Film Review – Friends with Kids

Friends with Kids Movie PosterI don’t know why it is so hard to make a good romantic comedy anymore. I want to laugh. I want to watch nice, funny people fall in love. Instead, I get unfunny, stupid crap that hurts me. For every one Easy A, I get twenty The Bounty Hunter. I don’t want Valentine’s Day. I want The Philadelphia Story. I want Say Anything, dang it! But instead—somewhere between crap and awesome—I get Friends with Kids. It has a great cast and a decent writer/director behind it, but it’s not nearly as good as it should be. It doesn’t suck, but it doesn’t have any magic. (Did I forget to say I want magic?)

Julie (Jennifer Westfeldt) and Jason (Adam Scott) are long-time best friends, and part of a group with two couples: Ben (Jon Hamm) and Missy (Kristen Wiig), and Leslie (Maya Rudolph) and Alex (Chris O’Dowd). The six of them are at a nice restaurant complaining about parents who bring their children to fancy places, when Leslie and Alex announce that they are pregnant. After a moment of awkwardness, they reassure everyone that things will remain the same and they will just hire a sitter for their adult nights out. Flash forward a couple of years. Now Ben and Missy have a baby as well, and boy have the fun times ended. They are tense and unhappy with each other, and Leslie and Alex bicker like there’s no tomorrow. Julie and Jason watch all of this, and wonder if having kids is worth it.

They both want children, but they also want better relationships than their friends seem to have. So they decide to have a child with each other and then pursue romance with other people. This works successfully for a while, but emotional and logistical complications arise when they both start to have serious romantic partners (Megan Fox and Edward Burns). They never really thought through how adding other variables to their equation would work, and now they must deal not only with scheduling issues, but also with how co-parenting has changed the nature of their own relationship.

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There is some good stuff here. The script has a lot of funny moments, and I laughed out loud a couple of times. There is some poop humor, both adult- and toddler-oriented, which I don’t really enjoy, but if you are into that kind of thing, then here you go. The cast is strong, and everybody gives a good performance. This is Jennifer Westfeldt’s first directing effort, and she’s good. The film is paced well, it makes sense, and the world is believable. (I know those seem like rather pedestrian accomplishments, but many established directors fail on these points quite often.) This film is way better than a lot of stuff out there, and I can’t wait to see what else she is going to do. Unfortunately, better does not mean great, and in this case it just means okay.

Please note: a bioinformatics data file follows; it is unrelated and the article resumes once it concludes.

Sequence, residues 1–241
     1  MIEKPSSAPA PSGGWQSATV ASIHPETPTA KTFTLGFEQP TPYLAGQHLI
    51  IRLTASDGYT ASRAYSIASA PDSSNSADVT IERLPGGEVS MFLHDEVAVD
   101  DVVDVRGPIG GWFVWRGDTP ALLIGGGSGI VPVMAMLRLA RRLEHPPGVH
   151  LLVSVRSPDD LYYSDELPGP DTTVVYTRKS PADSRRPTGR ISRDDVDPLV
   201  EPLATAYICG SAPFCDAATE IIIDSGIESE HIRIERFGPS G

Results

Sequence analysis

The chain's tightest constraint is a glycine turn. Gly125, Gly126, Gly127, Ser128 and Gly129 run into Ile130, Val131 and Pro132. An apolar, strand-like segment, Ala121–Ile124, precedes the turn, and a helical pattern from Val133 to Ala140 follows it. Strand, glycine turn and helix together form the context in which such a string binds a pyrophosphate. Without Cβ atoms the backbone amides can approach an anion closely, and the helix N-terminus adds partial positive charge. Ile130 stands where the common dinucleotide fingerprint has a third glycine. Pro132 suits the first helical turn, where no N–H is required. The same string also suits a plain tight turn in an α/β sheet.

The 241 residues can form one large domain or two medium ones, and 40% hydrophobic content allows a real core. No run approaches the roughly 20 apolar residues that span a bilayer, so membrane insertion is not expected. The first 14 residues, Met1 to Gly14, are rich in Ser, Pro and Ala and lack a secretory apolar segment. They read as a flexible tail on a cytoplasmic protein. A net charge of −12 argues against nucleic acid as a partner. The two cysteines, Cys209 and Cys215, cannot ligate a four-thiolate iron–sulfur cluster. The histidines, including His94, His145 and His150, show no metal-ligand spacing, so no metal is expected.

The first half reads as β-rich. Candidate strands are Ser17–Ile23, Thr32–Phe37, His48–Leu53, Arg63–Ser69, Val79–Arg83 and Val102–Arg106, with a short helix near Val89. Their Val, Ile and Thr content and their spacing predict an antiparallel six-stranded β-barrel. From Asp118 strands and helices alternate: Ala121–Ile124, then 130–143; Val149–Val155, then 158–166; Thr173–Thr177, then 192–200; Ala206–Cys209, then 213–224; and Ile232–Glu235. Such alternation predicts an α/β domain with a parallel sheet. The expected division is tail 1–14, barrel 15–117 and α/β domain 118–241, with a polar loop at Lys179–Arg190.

If you were to notice one thing about me in real life, it would be that I swear like a sailor. I am not a prude. And yet I felt like they were beating me over the head with a crude stick here. There is a lot of discussion between Julie and Jason about the state of her post-childbirth vagina. A lot. To the point that I was starting to worry about her mental health. Yes, it is something that women think about. No we don’t discuss it endlessly with our male friends. There is some penis talk, but not nearly as much as there is about lady-parts. And the already mentioned poop jokes. And the use of the f-word in a crucial scene that so jarred me I was taken out of the moment. I’m not sure why all of this was in the film. Maybe they are trying to replicate the success of Bridesmaids, but that was a different kind of movie, and I don’t think it works here.

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But the most important area where this film fails for me is the fact that no one except for Chris O’Dowd’s character Alex is likeable. Ben and Missy are miserable and nasty to each other, and Leslie just nags Alex into oblivion. It’s unclear to me why these people have remained friends for so long, and Julie and Jason aren’t much better. He works in advertising (I think), has never had a long-term romantic relationship, and likes to date skinny women with big boobs. (We know this because he talks about it a lot.) She helps a rich man give away his money, worries about her looks, and can’t get a date. This is all we know about them outside of their relationship with each other, which is problematic, because they don’t seem like real people; Westfeldt shows us nothing about them except for who they are together. He calls her “doll,” she phones him in the middle of the night to play “would you rather,” and they are great at raising a child together. That’s pretty much it. Jason is actually kind of skeezy, and we only like him because Julie does. How is it possible to make Adam Scott—the most adorable romantic lead on television right now—so unappealing? Julie is slightly more likable, but we only see her in this one context, so who is to know if she is an interesting person or not? There is no reason to care if these people get together. They have really annoying friends and they don’t do anything except talk to each other and have sex with other people.

It is a tribute to the skill of all the actors in this film that this film is enjoyable as it is. And there is some enjoyment to be had, so go out and see it.  But be prepared to want more, because it’s just good enough to make you realize how much better it should have been.

Final Grade: B-


Adelaide enjoys watching all kinds of movies, but is never going to see Titanic unless there is a sizable amount of money involved.

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